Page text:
A big battle with the police takes place in the City as the climax of the Carnival. Perhaps the battle with the forces of order is the ultimate iconoclastic act, given that the attack is against people who are living symbols of authority. That day police and demonstrators use violence and, according to an RTS press release, forty-six people end up in hospital.34 Layered onto the iconic palimpsest are scenes that simultaneously evoke war, mutiny and revolution. The next day those photographs will appear in all the newspapers.
Thus, during the Carnival Against Capital, symbolic activity is situated between iconoclasm (crossing out, covering over) and creative addition (unearthing a river, hanging a banner). Between the destructive (breaking things, carrying out violent acts) and the creative (playing music, dancing, painting). It is estimated that some ten thousand people take part in RTS’s biggest and most complex party, which takes place while people are simultaneously dancing in anti-capitalist celebrations in another sixty countries.35In London all the planned actions take place and with such success that one member of Reclaim the Streets laments that they did not go further:
We’d failed in our under-ambition… Unprepared, we never imagined we could get so close to occupying a trading floor in one of the City’s major exchanges… But we’d stopped short of planning for full-scale occupation.36
Nonetheless, when the Carnival takes place, the police are already spying on Reclaim the Streets. Only ten people know the final destination of the LIFFE building and one of them is an undercover police officer. Jim Sutton – whose real name, it later transpires, is Jim Boyling – works for a Scotland Yard unit that specializes in the surveillance of activists.37 His personal history, in which he gets married to a member of Reclaim the Streets, is particularly fascinating. His case reveals that the security forces knew in advance what was going to take place, how it would take place, and where it would take place. So why did they let it happen?
John Jordan thinks that the secret services wanted to observe the new actor on the political scene, and mentions a recording from a helicopter that was watching events from above. In this recording voices can be heard: one asks if they should intervene and the other says ‘No’ but to keep ‘watching’.38 The great performance of Reclaim the Streets is a spectacle that is followed with great interest by a flying audience. The gaze from above seeks signs of what is going to happen. By now, the great mobilization in Seattle against the World Trade Organization (WTO) has already been called, an action that will make the protests the centre of media attention. The Carnival Against Capital is one of the impulses for organizing this great party of resistance, which succeeds in paralysing the most important commercial meeting in the world.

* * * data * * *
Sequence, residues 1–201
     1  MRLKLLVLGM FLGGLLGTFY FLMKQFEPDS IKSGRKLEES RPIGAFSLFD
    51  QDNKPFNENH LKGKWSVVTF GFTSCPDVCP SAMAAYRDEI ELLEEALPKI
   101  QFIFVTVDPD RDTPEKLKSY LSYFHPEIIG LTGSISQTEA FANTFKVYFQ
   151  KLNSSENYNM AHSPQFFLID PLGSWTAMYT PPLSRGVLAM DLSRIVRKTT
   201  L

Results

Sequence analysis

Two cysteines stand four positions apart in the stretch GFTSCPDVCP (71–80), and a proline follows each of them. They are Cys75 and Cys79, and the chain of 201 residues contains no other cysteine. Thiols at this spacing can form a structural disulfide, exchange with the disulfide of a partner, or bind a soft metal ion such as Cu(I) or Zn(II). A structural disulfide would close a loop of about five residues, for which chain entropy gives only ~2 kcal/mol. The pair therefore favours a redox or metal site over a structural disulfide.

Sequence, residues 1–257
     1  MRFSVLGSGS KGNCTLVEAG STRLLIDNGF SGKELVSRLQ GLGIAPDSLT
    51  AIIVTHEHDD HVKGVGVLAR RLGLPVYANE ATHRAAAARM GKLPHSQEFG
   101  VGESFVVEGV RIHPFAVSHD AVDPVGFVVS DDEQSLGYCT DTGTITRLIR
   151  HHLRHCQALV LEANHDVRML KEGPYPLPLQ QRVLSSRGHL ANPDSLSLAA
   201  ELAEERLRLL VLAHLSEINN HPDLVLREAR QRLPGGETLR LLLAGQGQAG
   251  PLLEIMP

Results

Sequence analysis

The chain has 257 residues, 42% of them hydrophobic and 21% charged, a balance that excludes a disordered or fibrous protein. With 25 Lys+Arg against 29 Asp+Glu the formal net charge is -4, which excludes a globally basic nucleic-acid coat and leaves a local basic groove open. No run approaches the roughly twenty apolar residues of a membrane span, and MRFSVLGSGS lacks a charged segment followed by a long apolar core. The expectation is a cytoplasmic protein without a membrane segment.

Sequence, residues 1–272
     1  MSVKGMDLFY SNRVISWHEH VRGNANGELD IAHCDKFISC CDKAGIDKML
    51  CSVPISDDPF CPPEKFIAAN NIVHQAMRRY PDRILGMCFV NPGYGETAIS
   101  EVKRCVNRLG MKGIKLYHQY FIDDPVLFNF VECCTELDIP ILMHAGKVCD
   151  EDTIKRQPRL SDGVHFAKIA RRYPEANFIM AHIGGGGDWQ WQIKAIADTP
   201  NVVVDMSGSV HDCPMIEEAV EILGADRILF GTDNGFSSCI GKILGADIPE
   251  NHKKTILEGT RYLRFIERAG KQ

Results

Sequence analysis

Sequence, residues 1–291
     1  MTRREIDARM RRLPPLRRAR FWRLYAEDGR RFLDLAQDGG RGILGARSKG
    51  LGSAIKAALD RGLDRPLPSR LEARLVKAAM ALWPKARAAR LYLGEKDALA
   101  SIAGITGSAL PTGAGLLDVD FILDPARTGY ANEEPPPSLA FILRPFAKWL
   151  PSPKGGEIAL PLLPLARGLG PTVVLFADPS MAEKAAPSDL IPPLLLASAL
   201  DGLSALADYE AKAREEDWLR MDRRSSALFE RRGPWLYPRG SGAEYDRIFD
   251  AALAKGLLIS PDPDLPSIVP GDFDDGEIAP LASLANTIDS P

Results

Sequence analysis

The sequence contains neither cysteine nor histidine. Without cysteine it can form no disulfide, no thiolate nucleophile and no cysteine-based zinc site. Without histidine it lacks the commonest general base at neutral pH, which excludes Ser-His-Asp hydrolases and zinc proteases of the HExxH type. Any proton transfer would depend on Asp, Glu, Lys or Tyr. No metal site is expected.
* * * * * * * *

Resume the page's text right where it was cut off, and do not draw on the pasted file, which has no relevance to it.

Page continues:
Having started as a group, reclaiming the streets through subversive partying institutes itself as a form of taking over public space, contributing to a conscious renewal of that which we can call the aesthetics of protest. Activist David Solnit highlights the symbolic character of street protests: ‘Everything is theatrical. Traditional protest – the march, the rally, the chants – is just bad theatre.’39
Politically, Reclaim the Streets is an important element in the formation of the anti-globalization movement, organizing co-ordinated global events such as the Global Street Party of 1998. Aesthetically, Reclaim the Streets will lend a certain ‘style’ to the anti-globalization movement. In 1999, the Seattle counter-summit was organized in the mode of the ‘carnival protest’. Given the media coverage, authors such as Naomi Klein speak of the big coming-out party for the ‘movement of movements’ that had been creating itself since the Zapatistas organized the first ‘Encuentro’ (‘Meeting’) in 1994 in the Mexican Lacandon jungle. For some people, it is this new ‘language’ of protest that was the key to the anti-globalization movement’s impact.40